Last year’s E3 was one of the poorest on record for Nintendo. Such was the anger and apathy of their most ardent fans, even the mainstream press caught on and deemed the show a failure. The software drought in the latter half of 2008 only compounded matters. This year software support has clearly improved, so if Nintendo really want to capitalize on it, here’s a few things they should consider for this year’s E3.
Balance the show for both the expanded audience and core gamers
At last year’s E3, there was the strong feeling that Nintendo had spent too much time courting the attention of the expanded audience while effectively ignoring traditional gamers. The primary focus of their presentation were titles like Wii Music, Animal Crossing: City Folk and Wii Sports Resort. Of these, it was only the MotionPlus compatible Wii Sports Resort that resonated with Nintendo’s traditional audience, while Wii Music and Animal Crossing were quite rightly mocked as outdated. It is difficult to gauge exactly how much of this was intentional on Nintendo’s part, or whether it was down to the company simply not having any software ready to demonstrate.
At this year’s E3 they must have a better balance and show a range of software that appeals to their entire audience. There can be no excuses – third party support has never been better, and Nintendo’s own teams like Retro Studios have been hard at work on mystery projects for a while now. The wide coverage of E3 will mean that Nintendo will never be able to completely forget the expanded audience, but to ignore their most vocal fans for a second time would be an enormous mistake.
Demonstrate games effectively
Wii Music was a tough sell from the very beginning, but it certainly didn’t help that the title was unveiled by a sheepish looking Shigeru Miyamoto accompanied by four other equally embarrassed looking people who didn’t look at all comfortable on stage. Cammie Dunaway’s demonstration of Shaun White Snowboarding was also a low-light.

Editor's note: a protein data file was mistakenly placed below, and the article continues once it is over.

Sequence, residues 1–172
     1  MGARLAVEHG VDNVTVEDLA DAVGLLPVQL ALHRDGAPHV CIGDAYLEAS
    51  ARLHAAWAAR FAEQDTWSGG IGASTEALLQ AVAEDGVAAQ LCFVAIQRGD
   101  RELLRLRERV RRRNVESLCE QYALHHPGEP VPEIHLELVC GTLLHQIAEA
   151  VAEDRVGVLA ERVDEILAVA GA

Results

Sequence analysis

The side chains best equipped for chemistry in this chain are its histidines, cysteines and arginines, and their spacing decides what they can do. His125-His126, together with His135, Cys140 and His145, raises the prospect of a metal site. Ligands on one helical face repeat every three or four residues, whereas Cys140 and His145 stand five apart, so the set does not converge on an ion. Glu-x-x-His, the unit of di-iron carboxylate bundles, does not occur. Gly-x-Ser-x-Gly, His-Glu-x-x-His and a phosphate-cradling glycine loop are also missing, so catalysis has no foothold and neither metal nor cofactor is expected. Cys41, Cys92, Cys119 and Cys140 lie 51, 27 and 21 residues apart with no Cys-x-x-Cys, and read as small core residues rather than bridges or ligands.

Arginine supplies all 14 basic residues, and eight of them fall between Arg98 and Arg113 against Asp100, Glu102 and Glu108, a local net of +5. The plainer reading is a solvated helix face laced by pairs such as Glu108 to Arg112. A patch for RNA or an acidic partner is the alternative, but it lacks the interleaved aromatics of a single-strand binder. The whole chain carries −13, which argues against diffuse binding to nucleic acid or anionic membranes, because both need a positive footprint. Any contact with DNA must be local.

It’s difficult to understand why Nintendo have trouble demonstrating their games when their advertising for those same games is so effective. If they really want to improve their often awkward appearances on stage, all they have to do is capture some of that same comical and effortless atmosphere they create so effectively in their Wii would like to play adverts, where in-game footage is combined with candid views of the gamer.
Such was the backlash from core gamers last year that Miyamoto felt compelled to prematurely reveal that Pikmin 3 was in development – only he had no videos, screens or even artwork to offer along with the megaton announcement. E3 is the most important show of the year – having a contingency plan should be mandatory. If Nintendo do manage to leave core gamers feeling short changed once again, they should at least have a couple of surprises up their sleeve to make sure their hand isn’t forced for a second time. Gauging the feelings of core gamers is not difficult, they’re hardly a shy bunch…
Allow MotionPlus to shine
MotionPlus is one of the biggest things to happen to gaming for a long time. So far, many gamers have found it easy to dismiss the Wii by stating that the Wii Remote simply was not as accurate and revolutionary as it initially seemed. But with the arrival of MotionPlus, all that could and should change. Will those same gamers who have so far resisted the Wii’s charm be able to say no to 1:1 controls in tennis, golf, and sword play? If Nintendo and third parties play it right, MotionPlus could be the catalyst that ecourages large swathes of 360 and PS3 gamers to give the Wii a second look. Though that’s only if MotionPlus can be shown as more than just a toy that allows you to play frisbee with an adorable puppy.